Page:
To further investigate the associations of mutant histones, we performed Western blots, probing the pulldowns with antibodies for a number of known interacting factors (Figure 1F). Whilst WT H3 interacted with the full cohort of probed histone chaperones, H3 mutants only interacted with NASP (both s and t isoforms) and Imp5, but surprisingly not Imp4 (Figure 1F). H4 similarly lost the majority of its interacting proteins, retaining only the HAT1 complex; HAT1 and RBBP7 (RbAp46) and Imp5, but not Imp4 (Figure 1F). Taken together, these findings show that constitutively monomeric mutants are imported into the nucleus, show differences in their chaperone profiles, but share the common binding of Imp5 over Imp4.

Interactomes of histone monomer mutants

To unbiasedly identify factors interacting with monomeric H3 and H4, we performed affinity purification followed by mass spectrometry (Figure 2A–D, Figure 2—source data 1 and 2). Plotting normalised total precursor intensity of WT against mutant, we confirmed Imp5 and NASP retains interaction with monomeric H3, and Imp5 and HAT1-RBBP7 retains interaction with monomeric H4 (Figure 2A–D). Notably, binding profiles are similar across both types of mutant (HD or FB) and reproducible across three biological replicates (Figure 2E and F).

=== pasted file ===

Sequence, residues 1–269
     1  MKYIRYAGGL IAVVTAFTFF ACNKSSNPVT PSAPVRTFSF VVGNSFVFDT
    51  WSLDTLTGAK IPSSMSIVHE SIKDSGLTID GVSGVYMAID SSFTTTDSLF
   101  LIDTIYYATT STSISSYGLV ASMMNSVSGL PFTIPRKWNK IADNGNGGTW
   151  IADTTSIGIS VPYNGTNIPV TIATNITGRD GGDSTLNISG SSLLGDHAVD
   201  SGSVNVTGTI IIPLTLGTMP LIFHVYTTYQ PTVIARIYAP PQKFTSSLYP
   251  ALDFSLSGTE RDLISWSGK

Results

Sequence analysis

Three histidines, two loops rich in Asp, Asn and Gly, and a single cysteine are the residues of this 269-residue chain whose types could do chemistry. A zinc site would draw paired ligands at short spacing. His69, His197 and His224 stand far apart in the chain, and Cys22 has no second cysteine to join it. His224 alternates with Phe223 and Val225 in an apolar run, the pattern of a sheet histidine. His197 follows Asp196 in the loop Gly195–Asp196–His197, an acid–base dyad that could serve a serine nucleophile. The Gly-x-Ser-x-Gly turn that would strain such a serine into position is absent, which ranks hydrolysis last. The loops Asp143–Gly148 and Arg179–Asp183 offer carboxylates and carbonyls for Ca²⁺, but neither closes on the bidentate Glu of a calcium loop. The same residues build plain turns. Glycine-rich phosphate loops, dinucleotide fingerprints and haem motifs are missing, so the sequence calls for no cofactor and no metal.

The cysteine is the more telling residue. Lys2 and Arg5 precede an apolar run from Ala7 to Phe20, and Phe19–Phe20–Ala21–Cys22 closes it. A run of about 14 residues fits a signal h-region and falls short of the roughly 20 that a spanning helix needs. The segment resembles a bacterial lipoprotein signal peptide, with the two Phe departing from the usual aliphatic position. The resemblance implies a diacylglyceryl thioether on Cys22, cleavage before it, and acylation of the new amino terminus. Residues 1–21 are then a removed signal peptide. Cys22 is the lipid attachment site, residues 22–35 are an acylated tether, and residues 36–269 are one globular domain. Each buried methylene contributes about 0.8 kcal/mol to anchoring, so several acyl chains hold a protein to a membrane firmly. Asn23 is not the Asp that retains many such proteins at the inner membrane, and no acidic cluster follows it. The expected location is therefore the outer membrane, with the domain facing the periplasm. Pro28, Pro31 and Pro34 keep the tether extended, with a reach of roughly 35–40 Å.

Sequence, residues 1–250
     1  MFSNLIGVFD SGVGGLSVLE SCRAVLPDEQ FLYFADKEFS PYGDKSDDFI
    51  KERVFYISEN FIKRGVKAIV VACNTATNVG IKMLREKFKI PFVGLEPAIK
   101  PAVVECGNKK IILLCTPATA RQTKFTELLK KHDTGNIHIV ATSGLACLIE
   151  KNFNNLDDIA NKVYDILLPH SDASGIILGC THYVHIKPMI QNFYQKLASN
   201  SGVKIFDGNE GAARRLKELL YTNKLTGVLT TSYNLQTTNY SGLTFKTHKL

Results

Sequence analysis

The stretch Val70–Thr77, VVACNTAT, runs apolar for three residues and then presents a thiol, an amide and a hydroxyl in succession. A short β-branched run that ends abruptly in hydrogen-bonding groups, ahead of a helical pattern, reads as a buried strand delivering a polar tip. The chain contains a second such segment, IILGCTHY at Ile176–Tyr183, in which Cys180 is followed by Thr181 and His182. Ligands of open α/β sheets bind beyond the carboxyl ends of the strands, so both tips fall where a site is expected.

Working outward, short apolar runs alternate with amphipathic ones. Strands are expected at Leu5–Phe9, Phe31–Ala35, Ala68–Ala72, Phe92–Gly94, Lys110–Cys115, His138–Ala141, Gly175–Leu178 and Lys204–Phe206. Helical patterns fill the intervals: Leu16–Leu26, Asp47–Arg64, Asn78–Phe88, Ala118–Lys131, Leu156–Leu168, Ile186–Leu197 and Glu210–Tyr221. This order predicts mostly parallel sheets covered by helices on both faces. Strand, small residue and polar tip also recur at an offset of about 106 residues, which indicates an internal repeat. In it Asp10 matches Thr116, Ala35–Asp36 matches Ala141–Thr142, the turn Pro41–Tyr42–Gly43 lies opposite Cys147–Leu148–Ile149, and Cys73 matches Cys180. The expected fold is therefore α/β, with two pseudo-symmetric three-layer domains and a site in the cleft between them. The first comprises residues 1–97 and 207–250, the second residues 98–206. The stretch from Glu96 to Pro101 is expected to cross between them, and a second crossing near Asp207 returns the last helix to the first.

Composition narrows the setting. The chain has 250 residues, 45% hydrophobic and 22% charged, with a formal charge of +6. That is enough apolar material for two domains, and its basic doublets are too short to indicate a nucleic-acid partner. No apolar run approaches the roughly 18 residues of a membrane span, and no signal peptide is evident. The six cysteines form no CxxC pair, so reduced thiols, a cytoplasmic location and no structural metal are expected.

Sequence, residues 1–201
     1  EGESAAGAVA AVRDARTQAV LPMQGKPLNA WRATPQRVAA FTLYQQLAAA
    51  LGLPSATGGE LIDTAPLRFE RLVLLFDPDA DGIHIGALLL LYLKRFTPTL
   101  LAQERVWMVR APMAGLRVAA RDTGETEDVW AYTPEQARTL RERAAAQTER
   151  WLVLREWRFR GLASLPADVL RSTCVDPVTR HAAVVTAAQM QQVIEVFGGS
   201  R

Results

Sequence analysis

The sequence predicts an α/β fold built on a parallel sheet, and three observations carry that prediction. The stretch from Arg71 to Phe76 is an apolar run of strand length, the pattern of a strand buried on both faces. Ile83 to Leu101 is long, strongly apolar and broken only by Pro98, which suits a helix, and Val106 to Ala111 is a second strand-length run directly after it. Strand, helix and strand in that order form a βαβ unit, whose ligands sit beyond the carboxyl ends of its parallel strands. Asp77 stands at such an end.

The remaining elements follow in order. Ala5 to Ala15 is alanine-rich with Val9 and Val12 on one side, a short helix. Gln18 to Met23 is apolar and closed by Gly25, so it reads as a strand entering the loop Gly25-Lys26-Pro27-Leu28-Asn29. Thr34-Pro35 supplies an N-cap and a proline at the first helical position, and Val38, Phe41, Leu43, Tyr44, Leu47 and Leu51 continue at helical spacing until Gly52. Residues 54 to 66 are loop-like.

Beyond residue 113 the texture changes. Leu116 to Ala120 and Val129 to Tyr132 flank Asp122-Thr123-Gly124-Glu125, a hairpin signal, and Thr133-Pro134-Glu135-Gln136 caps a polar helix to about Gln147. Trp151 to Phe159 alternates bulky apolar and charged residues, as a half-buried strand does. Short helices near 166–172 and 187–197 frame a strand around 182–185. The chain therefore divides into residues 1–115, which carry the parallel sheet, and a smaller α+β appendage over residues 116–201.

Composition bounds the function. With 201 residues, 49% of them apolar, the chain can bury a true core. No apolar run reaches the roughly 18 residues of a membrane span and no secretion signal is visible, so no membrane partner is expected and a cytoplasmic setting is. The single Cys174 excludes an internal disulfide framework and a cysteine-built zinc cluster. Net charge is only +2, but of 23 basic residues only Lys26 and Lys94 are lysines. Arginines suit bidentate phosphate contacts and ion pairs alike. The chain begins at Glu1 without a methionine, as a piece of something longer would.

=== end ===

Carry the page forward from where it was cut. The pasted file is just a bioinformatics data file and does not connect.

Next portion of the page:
Proteomic analysis of wild-type (WT) and monomeric histone mutants.

(A–D) Mutant versus WT scatter plots of normalised total precursor intensity from H3 vs. HB (A), H3 vs. FD (B), H4 vs. HB (C), and H4 vs. FD (D). Average of three experiments. By plotting mutants versus WT, factors that interact at similar levels will lie on the diagonal, with those that have preference for the dimer or monomer to fall above or below the diagonal, respectively. Circled regions show factors that are enriched for the WT (orange) or that are equally enriched on the WT and mutant (yellow). Previously reported histone-binding proteins are coloured in blue, with HSC70 family members coloured in green. Histones are coloured in red. (E, F) Alternative representation of proteomics data showing quantitative values (normalised total precursor intensity) on a linear scale (1 × 106) for each biological replicate of key factors identified in (A–D). HB, helix-breaker mutation; FD, fold-disruptor mutation.

Figure 2—source data 1

Processed mass spectrometry data for CoIP of H3-eGFP WT and mutants ‘helix breaker’ (H3 HB) and ‘fold-disruptor’ (H3 FD).

Limma linear model coefficients of normalised total precursor intensity used in Figure 2A, B and E.

https://cdn.elifesciences.org/articles/81755/elife-81755-fig2-data1-v2.xlsx
Figure 2—source data 2

Processed mass spectrometry data for CoIP of H4-eGFP WT and mutants ‘helix breaker’ (H4 HB) and ‘fold-disruptor’ (H4 FD).

Limma linear model coefficients of normalised total precursor intensity used in Figure 2C, D and F.

https://cdn.elifesciences.org/articles/81755/elife-81755-fig2-data2-v2.xlsx